ROMEO AND JULIET DIDN’T HAVE TWITTER…
WDA Publishing’s MANGO BOVEL Division is proud to present Suzanne Carroll’s new book – STARCROSSED.
A desperate student deprived by an assignment of her computer and her smart-phone, begs her mother for advice on how to go through life with out Apps or search engines; and ends up learning about the power of persistence, and the lengths an inventive mind and a constant heart and will go to find it’s other half.
After all, Romeo and Juliet didn’t have Twitter…
Australian Author Suzanne Carroll has gifted us with a delicious love story, and a very relevant parable on the power of love in a society dependant on instant communication, and the world-wide web.
STARCROSSED is based on Suzanne Carroll’s original short fiction “The Thunderstorm”, which won the First Prize in the 2012 AUDIO GO Original Fiction Contest.
Suzanne is a successful novelist who lives in Sydney with her husband and children.
By day she works in an office where she quietly scribbles story ideas on yellow sticky notes and hopes they don’t accidentally end up on the departmental monthly report; by night she writes her delightful stories. This is Suzanne’s second published work, and rumour has it that there is another one in the works…
Fish and chips on the pier. Art. Music. Moonlit walks along the beach. For the busker and the art student it’s the perfect summer romance. Until it ends suddenly with a savage thunderstorm.
A heartbroken Georgia thinks she’ll never see Tom again. But Tom doesn’t give up easily and months later they find each other in the most unexpected place…
In the days before search engines and social networks, what lengths would you go to, to find the love you lost?
To add to your TBR List
BUY @ AMAZON
It was one of those days.
The traffic was impossible and the weather miserable, all grey skies and a drizzle that reflected Georgia’s mood. The afternoon’s meeting had gone on way too long; the clients wanted to change the floor plan again, she’d have to re-do all the drawings, completely re-work the kitchen, and the Project Manager had brought the deadline forward a week. But right now Georgia didn’t want to think about all that. All she wanted was to get home, and find a few minutes to have a glass of wine, and put on some music. Mozart, she thought, would be nice.
The endless line of red tail lights gradually broke up and the roads cleared as she finally made her way out of the city, and deep into the suburbs of London. The train would have been so much quicker. Some days, having a designated parking space at the office didn’t seem worth it. But a little while later, Georgia smiled and her body began to relax as she pulled into her driveway and switched off the engine. Leaning back against the headrest, she took a moment, breathing and deep. She let her mind wander, taking her away from meeting rooms and peak hour gridlock, down a different path. Her thoughts led her back to the art exhibition she’d snuck out to see during yesterday’s stolen lunch break and she smiled as she revisited that precious half hour of luminous colour and subtle shadows in the small gallery next to the wine bar. And that took her to thoughts of her old easel, tucked away in the attic, collecting dust. It had been so long since she’d painted anything except her fingernails…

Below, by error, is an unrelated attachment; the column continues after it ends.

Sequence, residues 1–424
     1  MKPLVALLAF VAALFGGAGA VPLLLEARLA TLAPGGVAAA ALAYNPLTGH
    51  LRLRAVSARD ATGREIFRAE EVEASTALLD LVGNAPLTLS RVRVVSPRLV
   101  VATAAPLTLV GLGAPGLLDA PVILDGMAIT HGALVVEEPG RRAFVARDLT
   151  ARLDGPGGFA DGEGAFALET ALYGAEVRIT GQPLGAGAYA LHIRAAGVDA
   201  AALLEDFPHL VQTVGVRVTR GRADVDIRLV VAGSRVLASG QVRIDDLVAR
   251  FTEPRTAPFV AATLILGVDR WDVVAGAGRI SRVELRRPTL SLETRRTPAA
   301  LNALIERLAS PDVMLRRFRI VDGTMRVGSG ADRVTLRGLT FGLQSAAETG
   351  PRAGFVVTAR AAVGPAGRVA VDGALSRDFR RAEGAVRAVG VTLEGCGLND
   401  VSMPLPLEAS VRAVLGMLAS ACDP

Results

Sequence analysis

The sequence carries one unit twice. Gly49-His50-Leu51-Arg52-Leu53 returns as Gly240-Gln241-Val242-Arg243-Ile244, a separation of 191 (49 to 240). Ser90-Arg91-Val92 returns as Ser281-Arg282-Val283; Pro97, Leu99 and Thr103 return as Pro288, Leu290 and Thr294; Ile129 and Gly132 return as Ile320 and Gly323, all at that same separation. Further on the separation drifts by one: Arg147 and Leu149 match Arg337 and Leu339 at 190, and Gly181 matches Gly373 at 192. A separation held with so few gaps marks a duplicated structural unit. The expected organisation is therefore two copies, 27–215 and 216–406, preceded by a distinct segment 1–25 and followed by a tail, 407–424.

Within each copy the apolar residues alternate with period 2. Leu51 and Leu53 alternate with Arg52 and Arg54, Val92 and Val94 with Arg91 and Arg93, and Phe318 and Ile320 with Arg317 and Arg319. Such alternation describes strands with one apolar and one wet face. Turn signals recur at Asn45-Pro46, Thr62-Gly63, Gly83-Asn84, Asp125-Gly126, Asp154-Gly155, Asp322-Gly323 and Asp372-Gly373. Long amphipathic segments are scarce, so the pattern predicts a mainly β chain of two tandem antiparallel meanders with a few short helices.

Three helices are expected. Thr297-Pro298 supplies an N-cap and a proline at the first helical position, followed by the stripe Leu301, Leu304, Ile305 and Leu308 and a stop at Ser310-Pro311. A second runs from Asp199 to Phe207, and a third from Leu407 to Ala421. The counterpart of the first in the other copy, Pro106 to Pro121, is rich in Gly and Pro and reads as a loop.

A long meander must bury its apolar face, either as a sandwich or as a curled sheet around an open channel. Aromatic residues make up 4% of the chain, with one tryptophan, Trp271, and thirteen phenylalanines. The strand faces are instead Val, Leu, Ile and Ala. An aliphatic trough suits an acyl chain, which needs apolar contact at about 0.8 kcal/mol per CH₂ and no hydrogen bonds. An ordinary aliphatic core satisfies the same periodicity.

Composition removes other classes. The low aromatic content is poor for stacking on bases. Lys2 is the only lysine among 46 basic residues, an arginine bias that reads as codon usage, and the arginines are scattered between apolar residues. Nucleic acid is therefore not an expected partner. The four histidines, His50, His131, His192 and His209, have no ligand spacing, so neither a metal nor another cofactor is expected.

Georgia stared down at her perfectly manicured hands and remembered when they used to wear smudges of oils and inks. Back in the days when her auburn hair was long, and her skirts were short. Now it was the other way round. Though her sapphire eyes still held the fire they had always had.
Georgia’s thoughts scattered, and she looked up quickly. The front door was open and Sophie stood on the top step with her panic face on, twisting her dark curls with one hand, laptop clutched to her chest with the other. “Mum, help! I need you!”
Georgia sighed and climbed out of the car, bracing herself for whatever new drama had befallen her teenage daughter.
“What’s up, sweetheart?” She kissed Sophie’s forehead before hanging up her coat and dropping her bag onto the hall stand. “Something happen at school?”
“You were alive before the internet, right?”
Georgia bit back a smile. “It wasn’t that long ago, Soph.” Although, Georgia knew that, at forty-three, she probably seemed almost elderly to her seventeen-year-old daughter. “Why? What’s happ…”